Additionally, the command will be added to the report index automatically.

Attempting to run a command that isn't installed is not treated as an error (but errors produced by commands that are found are logged) - it's fine to go ahead and speculatively try commands in a plugin without explicitly checking for their presence.

The add_cmd_output method also accepts several keyword parameters to control the collection process:

    def add_cmd_output(self, exe, suggest_filename=None,
                       root_symlink=None, timeout=300, stderr=True,
                       chroot=True, runat=None):
        """Run a program or list of programs and collect the output"""

Setting suggest_filename allows a plugin to override the default choice of file name in the report archive.

A symbolic link to the collected file from the report's root directory can be requested using the root_symlink parameter.

The timeout parameter sets a maximum time (in seconds) to wait for the child process to exit. After this time sos will abandon the child and continue with report generation.

If the stderr parameter is True the stderr stream of the child process will be captured along with stdout; otherwise stderr is discarded.

When the chroot parameter is True commands are executed in the configured system root directory (which may not be /). This parameter has no effect unless sos is running in a chrooted environment.

A directory may be specified via the runat program. The child will switch to this directory before executing the command.

Dependencies

You can inform sosreport that your plugin should only run when certain conditions are met. The default behavior checks for the presence of files or packages specified in the plugin class. More complex checks can be implemented by overriding the check_enabled method of the base Plugin class.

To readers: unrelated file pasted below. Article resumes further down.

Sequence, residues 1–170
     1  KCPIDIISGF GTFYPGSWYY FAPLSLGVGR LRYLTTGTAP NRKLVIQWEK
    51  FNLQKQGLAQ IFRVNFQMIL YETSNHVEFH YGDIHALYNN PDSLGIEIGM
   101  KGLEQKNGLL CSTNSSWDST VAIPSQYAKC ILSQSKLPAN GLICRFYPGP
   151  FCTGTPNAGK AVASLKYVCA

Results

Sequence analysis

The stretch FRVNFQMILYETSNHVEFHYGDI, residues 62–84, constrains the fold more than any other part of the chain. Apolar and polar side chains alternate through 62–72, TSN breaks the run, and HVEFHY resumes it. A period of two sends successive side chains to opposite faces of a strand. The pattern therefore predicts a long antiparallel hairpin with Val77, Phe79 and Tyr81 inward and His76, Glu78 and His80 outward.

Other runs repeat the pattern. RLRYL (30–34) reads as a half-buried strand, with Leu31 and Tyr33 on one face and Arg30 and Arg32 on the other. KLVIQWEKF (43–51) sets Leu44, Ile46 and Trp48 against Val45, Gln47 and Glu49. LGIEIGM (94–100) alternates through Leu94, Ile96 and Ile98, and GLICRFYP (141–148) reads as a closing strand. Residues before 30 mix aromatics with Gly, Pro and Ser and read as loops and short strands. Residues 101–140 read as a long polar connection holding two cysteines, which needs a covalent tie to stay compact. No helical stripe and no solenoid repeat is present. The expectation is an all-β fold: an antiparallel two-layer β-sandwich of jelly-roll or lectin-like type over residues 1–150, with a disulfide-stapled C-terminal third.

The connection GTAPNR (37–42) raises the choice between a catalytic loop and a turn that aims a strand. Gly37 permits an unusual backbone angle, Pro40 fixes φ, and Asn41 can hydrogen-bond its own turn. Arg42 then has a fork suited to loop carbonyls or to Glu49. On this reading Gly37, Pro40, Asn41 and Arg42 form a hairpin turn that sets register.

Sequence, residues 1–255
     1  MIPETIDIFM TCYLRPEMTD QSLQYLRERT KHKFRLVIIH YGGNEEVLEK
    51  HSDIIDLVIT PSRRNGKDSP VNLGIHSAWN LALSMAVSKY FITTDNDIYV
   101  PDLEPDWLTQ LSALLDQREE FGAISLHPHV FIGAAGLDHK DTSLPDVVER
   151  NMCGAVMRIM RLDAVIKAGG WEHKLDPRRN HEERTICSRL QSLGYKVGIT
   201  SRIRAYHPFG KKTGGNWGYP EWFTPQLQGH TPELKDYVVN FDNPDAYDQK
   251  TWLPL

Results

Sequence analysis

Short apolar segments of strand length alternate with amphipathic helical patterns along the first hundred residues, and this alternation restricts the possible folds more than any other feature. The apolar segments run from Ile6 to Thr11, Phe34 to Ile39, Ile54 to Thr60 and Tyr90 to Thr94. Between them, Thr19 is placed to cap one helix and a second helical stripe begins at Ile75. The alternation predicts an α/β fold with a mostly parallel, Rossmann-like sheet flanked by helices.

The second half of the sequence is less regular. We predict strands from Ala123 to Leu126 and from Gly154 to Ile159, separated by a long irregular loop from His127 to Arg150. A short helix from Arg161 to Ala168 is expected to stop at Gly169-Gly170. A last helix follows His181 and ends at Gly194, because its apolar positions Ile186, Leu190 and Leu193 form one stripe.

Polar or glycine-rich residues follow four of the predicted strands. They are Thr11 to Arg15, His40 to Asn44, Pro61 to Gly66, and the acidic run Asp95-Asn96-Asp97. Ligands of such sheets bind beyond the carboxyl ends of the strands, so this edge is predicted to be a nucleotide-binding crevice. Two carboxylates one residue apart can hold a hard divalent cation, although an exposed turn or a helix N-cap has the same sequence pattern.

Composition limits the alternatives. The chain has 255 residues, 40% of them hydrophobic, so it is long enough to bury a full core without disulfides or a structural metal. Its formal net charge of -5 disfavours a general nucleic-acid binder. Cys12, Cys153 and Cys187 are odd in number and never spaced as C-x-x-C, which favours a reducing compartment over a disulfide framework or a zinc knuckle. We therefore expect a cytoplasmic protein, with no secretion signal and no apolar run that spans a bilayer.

from sos.plugins import Plugin, RedHatPlugin

class DepTest(Plugin, RedHatPlugin):
    """This plugin depends on a file or package"""

    files = ('/path/to/file/I/need',)
    packages = ('name-of-package',)

    def setup(self):
        self.add_copy_spec([
            "/path/to/something",
            "/path/to/something/else",
        ])

Note: if you use a tuple for files or packages be sure that you place the trailing comma in the case of a 1-tuple. ('some string') does not create a 1-tuple, but ('some string',) does.

Be aware that if any of the files or packages are found then the plugin will attempt to run. If you need to ensure that multiple files are in place or multiple packages are in place then you will want to implement your own check_enabled method.

from sos.plugins import Plugin, RedHatPlugin
from os.path import exists

class DepTest(Plugin, RedHatPlugin):
    """This plugin depends on something"""

    def check_enabled(self):
        files = [
            '/path/to/thing/i/need',
            '/path/to/other/thing/i/need'
        ]
        return all(map(exists,files))

    def setup(self):
        self.add_copy_spec([